The doctors, radiation physicists and other specialists then specify the parameters of treating the cancer, such as how much dose to give the prostate, how much extra dose to give to the area of the tumour and the positions in which to give the radiation, all in less time than previously possible with standard techniques, according to Dr. Valicenti.

"Up until recently, we would produce a plan in the outpatient setting that we hoped to recapitulate in the operating room", explained Adam Dicker, M.D. Ph.D., professor of radiation oncology at Jefferson Medical College. "But there was always the concern that what we saw initially might not match the situation later." Planning, he explained, can be affected by the patient's position and the location - and condition - of his prostate.

Because the device enables real-time planning in the operating room, he stated: "If an area is under-dosed, you can find out right away and make corrections." The system provides a multi-dimensional view of the prostate and the "ability to process and accumulate more precise information, constantly updating and re-adjusting the treatment plan."

At the UT Southwestern Medical Center, patient Breihan Bridgewater suffers from emphysema. He sleeps on his side because when he lays flat on his back it feels like there's a boulder resting on his chest. When the 74-year-old semi-retired electronic technician was diagnosed with prostate cancer, the thought of undergoing surgery or having to lie on his back and undergo more than 40 radiation treatments left him with an uneasy feeling - and a decision to make. The Lewisville resident decided he would not seek treatment for his early-stage prostate cancer. After Mr. Bridgewater told his UT Southwestern Medical Center doctors that the decision was determined because he didn't believe he could withstand the standard treatment for prostate cancer, they referred him to Dr. Robert Timmerman.

Dr. Timmerman has successfully used the SBRT technique to treat patients with lung and liver cancers. "This new treatment mimics the dose deposition of brachytherapy, but it is done non-invasively, in an outpatient setting, without making any incisions, needle punctures or anaesthesia", Dr. Timmerman stated. "The beauty of it is that the patient only has to come in for five outpatient treatments and is finished in a week and a half."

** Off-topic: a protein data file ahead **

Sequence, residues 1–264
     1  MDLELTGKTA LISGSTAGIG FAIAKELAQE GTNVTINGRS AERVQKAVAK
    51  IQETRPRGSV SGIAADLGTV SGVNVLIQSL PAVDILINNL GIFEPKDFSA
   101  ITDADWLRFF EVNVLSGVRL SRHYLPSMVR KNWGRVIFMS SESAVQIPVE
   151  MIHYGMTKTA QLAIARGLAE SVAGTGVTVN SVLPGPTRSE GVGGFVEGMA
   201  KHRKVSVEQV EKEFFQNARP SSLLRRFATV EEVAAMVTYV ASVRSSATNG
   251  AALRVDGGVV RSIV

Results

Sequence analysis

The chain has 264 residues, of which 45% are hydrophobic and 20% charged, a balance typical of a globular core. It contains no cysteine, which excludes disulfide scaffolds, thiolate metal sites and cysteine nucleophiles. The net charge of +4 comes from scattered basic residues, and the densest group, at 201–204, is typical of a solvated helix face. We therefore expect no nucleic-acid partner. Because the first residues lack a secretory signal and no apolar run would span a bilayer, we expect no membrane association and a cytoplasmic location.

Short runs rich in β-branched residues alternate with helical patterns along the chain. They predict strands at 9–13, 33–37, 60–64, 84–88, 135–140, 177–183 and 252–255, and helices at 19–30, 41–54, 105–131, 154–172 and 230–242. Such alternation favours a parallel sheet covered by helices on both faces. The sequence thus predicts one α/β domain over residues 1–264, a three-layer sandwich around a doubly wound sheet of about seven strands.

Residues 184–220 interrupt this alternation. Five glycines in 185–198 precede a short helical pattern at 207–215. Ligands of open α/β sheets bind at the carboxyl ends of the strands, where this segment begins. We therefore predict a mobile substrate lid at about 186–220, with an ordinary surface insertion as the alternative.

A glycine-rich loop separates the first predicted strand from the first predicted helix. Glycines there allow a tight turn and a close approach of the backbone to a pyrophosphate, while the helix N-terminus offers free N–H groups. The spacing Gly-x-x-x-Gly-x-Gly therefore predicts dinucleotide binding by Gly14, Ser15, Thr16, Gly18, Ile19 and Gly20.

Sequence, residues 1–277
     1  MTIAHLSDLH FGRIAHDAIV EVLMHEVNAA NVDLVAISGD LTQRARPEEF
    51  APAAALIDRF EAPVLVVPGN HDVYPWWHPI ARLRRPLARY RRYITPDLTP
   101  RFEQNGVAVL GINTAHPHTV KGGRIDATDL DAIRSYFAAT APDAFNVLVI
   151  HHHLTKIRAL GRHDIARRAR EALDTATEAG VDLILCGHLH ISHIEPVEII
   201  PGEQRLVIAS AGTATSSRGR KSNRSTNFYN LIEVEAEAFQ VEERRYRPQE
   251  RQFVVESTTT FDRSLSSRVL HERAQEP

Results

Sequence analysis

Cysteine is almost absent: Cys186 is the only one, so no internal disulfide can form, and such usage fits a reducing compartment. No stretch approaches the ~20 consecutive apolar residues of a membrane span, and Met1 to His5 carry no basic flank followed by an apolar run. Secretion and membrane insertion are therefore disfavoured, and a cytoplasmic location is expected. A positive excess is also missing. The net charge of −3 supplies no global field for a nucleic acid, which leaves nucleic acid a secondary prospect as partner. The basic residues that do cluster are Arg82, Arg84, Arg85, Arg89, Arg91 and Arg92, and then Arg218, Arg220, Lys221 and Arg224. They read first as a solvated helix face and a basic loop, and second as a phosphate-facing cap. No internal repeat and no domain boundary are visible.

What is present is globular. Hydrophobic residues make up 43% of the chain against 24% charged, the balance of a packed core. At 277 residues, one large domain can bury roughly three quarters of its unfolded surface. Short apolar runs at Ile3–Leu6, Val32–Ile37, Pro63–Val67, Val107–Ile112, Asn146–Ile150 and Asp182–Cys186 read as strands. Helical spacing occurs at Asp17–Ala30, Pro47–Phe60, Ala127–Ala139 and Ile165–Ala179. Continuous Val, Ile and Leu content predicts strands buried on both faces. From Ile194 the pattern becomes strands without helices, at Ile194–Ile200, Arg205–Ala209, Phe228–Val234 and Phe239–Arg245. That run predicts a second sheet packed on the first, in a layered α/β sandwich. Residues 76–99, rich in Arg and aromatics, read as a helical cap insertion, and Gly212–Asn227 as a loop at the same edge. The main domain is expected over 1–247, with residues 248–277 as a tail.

Dr. Timmerman has treated 11 patients at UT Southwestern using this new method with only minor side effects. As part of the study, he is trying to establish the treatment's proper dose protocol. He also is establishing study sites at the University of Minnesota, University of Colorado and at a rural practice in South Dakota.

Health care experts predict that about 218.000 new cases of prostate cancer will be diagnosed in the United States this year, and more than 27.000 men will die from the disease. Dr. Timmerman stated that the SBRT treatment might be ideal for people who live far away from an academic medical centre or who can't stay away from their jobs for extended periods of time to receive treatment or recover.

"We're targeting this population because they clearly need a better treatment", Dr. Timmerman stated. "If the treatment ends up being favourable in its toxicity and side effects, then even 'city slickers' might want to have it too."

For Mr. Bridgewater, "the treatment was a breeze. I didn't have to do anything except breathe." And his prognosis is excellent. Tests show that the level of prostate-specific antigen (PSA) in Mr. Bridgewater's blood, which is elevated in men who have prostate cancer, was nearly non-existent.

"Actually, we are seeing that the PSA levels in patients undergoing this new therapy are declining more rapidly than one would expect with conventional treatment", Dr. Timmerman stated. "It's still early in the study process, but it looks promising."

Participants are still being recruited for the study at UT Southwestern Medical Center. To qualify, patients must have early stage prostate cancer and a Gleason score of 7 or below.


Leslie Versweyveld